The analyses, published Sept. 27 in Philosophical Transactions of the Royal Society A, reveal that removing about three years-worth of human-caused emissions of the potent greenhouse gas would reduce global surface temperatures by approximately 0.21 degrees Celsius while reducing ozone levels enough to prevent roughly 50,000 premature deaths annually. The findings open the door to direct comparisons with carbon dioxide removal – an approach that has received significantly more research and investment – and could help shape national and international climate policy in the future.

“The time is ripe to invest in methane removal technologies,” said Rob Jackson, lead author on the new research agenda paper and senior author on the modeling study. Jackson is the Michelle and Kevin Douglas Provostial Professor of Energy and Environment in Stanford’s School of Earth, Energy & Environmental Sciences.

The case for methane removal

The relative concentration of methane has grown more than twice as fast as that of carbon dioxide since the beginning of the Industrial Revolution. Removing methane from the atmosphere could reduce temperatures even faster than carbon dioxide removal alone because methane is 81 times more potent in terms of warming the climate over the first 20 years after its release, and about 27 times more potent over a century. Methane removal also improves air quality by decreasing the concentration of tropospheric ozone, exposure to which causes an estimated one million premature deaths annually worldwide due to respiratory illnesses.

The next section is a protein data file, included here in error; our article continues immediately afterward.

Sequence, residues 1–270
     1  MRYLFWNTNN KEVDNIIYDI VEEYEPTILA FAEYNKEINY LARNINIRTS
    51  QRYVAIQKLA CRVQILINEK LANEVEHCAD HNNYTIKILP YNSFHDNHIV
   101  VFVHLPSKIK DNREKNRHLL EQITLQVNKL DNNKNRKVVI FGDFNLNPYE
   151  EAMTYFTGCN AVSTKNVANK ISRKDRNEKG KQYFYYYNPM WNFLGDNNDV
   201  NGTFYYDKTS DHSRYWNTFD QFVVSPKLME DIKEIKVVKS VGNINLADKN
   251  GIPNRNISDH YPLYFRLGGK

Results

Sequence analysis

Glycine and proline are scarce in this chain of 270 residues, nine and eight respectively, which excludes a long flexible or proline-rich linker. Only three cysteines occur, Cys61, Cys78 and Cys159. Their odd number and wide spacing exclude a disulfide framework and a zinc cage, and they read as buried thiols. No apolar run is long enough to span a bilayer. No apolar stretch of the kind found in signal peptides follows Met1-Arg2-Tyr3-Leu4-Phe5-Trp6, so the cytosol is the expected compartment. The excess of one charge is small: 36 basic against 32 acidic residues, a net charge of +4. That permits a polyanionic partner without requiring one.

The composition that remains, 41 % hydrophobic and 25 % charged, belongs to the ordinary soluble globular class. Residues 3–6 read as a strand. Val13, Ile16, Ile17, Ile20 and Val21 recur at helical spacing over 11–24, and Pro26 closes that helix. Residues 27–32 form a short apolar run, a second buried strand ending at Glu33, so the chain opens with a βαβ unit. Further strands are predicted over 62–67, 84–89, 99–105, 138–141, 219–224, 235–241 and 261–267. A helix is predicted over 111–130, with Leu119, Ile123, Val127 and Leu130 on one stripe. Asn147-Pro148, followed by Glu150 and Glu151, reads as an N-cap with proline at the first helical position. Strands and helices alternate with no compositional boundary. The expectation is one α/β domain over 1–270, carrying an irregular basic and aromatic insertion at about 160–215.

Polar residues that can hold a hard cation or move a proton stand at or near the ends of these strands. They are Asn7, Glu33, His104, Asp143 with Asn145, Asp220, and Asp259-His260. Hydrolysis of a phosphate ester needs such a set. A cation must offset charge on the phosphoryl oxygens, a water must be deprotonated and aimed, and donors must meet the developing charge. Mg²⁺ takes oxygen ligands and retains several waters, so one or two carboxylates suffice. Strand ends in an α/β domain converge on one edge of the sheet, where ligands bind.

Graph shows globally averaged, monthly mean atmospheric methane abundance determined from marine surface sites since 1983. (Image credit: NOAA)

Unlike carbon dioxide, the bulk of methane emissions are human-driven. Primary culprits include agricultural sources such as livestock, which emit methane in their breath and manure, and rice fields, which emit methane when flooded. Waste disposal and fossil fuel extraction also contribute substantial emissions. Natural sources of methane, including soil microbes in wetlands, account for the remaining 40 percent of global methane emissions. They further complicate the picture because some of them, such as thawing permafrost, are projected to increase as the planet warms.

While development of methane removal technologies will not be easy, the potential financial rewards are big. If market prices for carbon offsets rise to $100 or more per ton this century, as predicted by most relevant assessment models, each ton of methane removed from the atmosphere could then be worth more than $2,700.

Envisioning methane removal’s impacts

The modeling study uses a new model developed by the United Kingdom’s national weather service (known as the UK Met Office) to examine methane removal’s potential impacts while accounting for its shorter lifetime than carbon dioxide – a key factor because some of the methane removed would have disappeared anyway. The researchers created a set of scenarios by varying either the amount removed or the timing of removal to generalize their results over a wide range of realistic future emissions pathways.